I was born in a small town.
Really, I was. I was born in Rensselaer, Ind., a town of about 5,000, as far as I recall. It is in northwestern Indiana, maybe 90 minutes from Chicago. When I lived there we made periodic trips to visit my grandmother in Chicago, but it's hard to recall how long those trips were.
The town is a few miles off the interstate, is the county seat of Jasper County and is surrounded primarily by farmland. I don't recall how close we were to another significant town, but our town was an island unto itself.
I left Indiana nearly 30 years ago, after my parents divorced. My parents' story is a rather bizarre tale, one I probably won't tell here, no matter how anonymous my blog is. When the divorce was final, mom decided she had no reason to stick around Indiana, all her family was back in Minnesota, where she grew up. While I still claim my Hoosier heritage occasionally, as a practical matter my life started over in Minnesota, and I have little connection to my years in Indiana.
But spending the earliest years of my life in Indiana left many lasting memories, whether I want them or not. I revisited the old hometown a year or so after moving. While spending part of the summer with my dad, he took us back to Indiana for about three days, providing an opportunity to visit several people from my recent past.
I made a couple of passes through town a decade or more later. In the spring of 1993 I drove through town during a return trip from Florida. It was early on a Sunday morning and still kind of dark, but it was a chance to make a quick pass through town. A few years later I made another pass through on a Saturday afternoon. I was on my way a bit further south to attend the wedding of my next-door neighbor from Rensselaer, and had time to spare. I don't remember much about what I saw during either of those passes, they were relatively brief glimpses into a world that I rarely think about.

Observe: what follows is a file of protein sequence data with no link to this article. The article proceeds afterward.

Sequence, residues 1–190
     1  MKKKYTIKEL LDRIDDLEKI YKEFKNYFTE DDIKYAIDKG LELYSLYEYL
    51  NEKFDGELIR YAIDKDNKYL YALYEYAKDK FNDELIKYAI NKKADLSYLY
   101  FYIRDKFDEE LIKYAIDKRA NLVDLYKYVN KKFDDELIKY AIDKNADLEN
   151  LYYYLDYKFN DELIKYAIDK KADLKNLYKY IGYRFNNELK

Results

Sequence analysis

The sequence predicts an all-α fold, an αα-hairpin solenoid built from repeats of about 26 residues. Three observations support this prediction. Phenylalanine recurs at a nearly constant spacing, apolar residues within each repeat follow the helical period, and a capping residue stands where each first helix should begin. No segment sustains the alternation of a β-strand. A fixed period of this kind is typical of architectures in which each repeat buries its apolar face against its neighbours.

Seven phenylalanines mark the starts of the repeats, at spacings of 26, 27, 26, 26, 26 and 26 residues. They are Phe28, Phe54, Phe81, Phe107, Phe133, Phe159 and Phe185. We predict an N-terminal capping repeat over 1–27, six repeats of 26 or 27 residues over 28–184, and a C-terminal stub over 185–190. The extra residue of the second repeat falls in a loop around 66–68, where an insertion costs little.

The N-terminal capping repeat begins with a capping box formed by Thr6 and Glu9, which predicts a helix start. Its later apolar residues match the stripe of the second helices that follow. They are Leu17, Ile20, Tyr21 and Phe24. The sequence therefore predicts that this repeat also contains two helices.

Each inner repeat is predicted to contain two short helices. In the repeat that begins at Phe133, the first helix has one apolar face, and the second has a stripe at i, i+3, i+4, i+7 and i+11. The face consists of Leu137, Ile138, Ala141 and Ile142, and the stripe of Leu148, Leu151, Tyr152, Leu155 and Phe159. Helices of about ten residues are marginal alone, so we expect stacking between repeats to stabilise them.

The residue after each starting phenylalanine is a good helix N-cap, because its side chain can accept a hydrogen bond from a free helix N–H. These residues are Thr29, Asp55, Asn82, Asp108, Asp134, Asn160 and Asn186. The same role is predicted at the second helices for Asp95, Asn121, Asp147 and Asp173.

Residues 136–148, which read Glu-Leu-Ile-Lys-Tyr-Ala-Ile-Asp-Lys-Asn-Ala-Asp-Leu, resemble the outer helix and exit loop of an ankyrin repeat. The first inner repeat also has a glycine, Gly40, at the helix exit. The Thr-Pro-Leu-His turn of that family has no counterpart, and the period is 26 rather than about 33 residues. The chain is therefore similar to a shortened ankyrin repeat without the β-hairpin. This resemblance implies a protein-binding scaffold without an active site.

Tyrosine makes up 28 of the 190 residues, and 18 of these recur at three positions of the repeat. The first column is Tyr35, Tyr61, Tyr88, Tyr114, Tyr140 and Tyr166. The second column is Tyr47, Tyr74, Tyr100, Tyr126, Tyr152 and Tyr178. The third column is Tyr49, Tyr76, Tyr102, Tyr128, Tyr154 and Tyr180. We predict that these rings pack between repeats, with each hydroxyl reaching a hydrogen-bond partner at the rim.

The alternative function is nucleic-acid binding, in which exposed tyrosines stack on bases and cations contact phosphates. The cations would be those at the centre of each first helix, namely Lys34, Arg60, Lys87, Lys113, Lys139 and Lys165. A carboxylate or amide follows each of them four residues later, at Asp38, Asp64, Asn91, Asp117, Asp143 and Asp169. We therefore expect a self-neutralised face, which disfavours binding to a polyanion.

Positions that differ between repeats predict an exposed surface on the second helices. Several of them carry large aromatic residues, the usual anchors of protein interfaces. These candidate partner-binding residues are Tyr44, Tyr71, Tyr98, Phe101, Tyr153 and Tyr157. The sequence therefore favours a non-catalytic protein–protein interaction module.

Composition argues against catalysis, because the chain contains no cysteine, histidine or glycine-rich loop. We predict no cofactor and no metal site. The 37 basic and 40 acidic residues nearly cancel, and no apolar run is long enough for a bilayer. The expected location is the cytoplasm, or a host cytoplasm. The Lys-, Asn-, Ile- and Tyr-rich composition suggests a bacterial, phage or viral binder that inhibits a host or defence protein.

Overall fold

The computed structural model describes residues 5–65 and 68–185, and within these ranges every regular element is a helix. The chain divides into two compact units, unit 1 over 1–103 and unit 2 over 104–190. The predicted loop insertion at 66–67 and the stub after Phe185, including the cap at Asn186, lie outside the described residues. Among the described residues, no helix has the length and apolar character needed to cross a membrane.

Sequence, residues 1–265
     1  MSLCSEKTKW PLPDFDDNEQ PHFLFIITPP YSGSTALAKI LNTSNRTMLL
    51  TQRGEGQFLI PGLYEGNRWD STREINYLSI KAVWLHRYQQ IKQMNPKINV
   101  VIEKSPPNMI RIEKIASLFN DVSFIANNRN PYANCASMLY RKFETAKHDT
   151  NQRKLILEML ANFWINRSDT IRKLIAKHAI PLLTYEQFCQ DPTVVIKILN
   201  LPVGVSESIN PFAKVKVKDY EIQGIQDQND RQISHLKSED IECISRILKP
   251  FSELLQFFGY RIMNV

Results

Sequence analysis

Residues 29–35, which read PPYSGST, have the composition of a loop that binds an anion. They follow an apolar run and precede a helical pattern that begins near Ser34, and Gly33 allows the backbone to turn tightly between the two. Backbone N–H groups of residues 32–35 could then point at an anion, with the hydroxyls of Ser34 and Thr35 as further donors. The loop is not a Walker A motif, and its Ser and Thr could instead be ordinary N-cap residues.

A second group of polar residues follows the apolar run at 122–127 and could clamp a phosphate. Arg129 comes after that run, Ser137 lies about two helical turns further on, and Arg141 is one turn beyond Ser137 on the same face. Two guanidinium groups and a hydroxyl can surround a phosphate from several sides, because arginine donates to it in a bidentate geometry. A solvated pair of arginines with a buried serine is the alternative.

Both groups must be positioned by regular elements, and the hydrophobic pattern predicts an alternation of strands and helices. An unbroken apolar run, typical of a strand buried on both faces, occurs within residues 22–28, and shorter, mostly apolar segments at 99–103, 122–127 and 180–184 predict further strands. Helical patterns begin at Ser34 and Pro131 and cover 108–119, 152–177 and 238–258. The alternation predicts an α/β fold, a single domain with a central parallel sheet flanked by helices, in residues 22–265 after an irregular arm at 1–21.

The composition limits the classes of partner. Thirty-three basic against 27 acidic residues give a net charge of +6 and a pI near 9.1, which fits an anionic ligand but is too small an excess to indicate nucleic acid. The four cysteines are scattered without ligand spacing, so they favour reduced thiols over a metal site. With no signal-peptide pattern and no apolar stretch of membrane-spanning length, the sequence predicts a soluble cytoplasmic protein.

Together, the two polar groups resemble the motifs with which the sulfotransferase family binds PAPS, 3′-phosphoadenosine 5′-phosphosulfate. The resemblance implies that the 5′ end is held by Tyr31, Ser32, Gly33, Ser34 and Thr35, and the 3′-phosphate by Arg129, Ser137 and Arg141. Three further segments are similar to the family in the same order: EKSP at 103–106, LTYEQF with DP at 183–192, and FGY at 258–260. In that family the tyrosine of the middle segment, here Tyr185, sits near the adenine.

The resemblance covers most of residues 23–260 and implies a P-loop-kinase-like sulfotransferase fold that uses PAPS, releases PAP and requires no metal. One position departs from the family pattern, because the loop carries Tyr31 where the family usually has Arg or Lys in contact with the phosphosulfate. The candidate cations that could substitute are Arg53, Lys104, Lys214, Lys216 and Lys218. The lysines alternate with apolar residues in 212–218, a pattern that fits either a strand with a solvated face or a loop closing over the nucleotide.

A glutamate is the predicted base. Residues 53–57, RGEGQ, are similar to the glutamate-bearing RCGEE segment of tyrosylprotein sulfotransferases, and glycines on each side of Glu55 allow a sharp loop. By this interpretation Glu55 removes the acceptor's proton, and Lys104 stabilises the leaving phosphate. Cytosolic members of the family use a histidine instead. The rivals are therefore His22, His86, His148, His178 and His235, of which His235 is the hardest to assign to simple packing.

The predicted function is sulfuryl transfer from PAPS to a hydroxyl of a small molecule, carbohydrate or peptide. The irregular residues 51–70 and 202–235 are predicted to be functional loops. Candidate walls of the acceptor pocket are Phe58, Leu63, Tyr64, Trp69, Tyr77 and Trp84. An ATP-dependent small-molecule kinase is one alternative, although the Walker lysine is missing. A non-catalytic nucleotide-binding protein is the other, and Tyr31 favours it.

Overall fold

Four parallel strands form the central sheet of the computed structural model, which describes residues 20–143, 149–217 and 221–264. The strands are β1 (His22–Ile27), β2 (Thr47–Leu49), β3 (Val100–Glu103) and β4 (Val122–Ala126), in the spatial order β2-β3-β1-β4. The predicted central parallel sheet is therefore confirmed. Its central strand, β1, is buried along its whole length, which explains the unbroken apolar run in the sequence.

I've lost touch with just about everyone from the early chapters of my life. Nobody has tracked me down via social networking, at least not as of yet, and I haven't gone looking for anyone, either. I still keep in touch, barely, with Jodi, my former nextdoor neighbor who now lives in Lafayette, but she's the only person I'm still in touch with.
For mom, Rensselaer was where she spent most of the 1970s, but it's not where she grew up, and she's about three decades removed from life there. Yet she's in touch with several people from her days in Rensselaer, and decided that as part of this year's trip to Gulf Shores she wanted to make a cameo in Rensselaer. She has remained in touch with a former co-worker, a widow, who invited us to stay overnight at her house on Thursday night, which we did.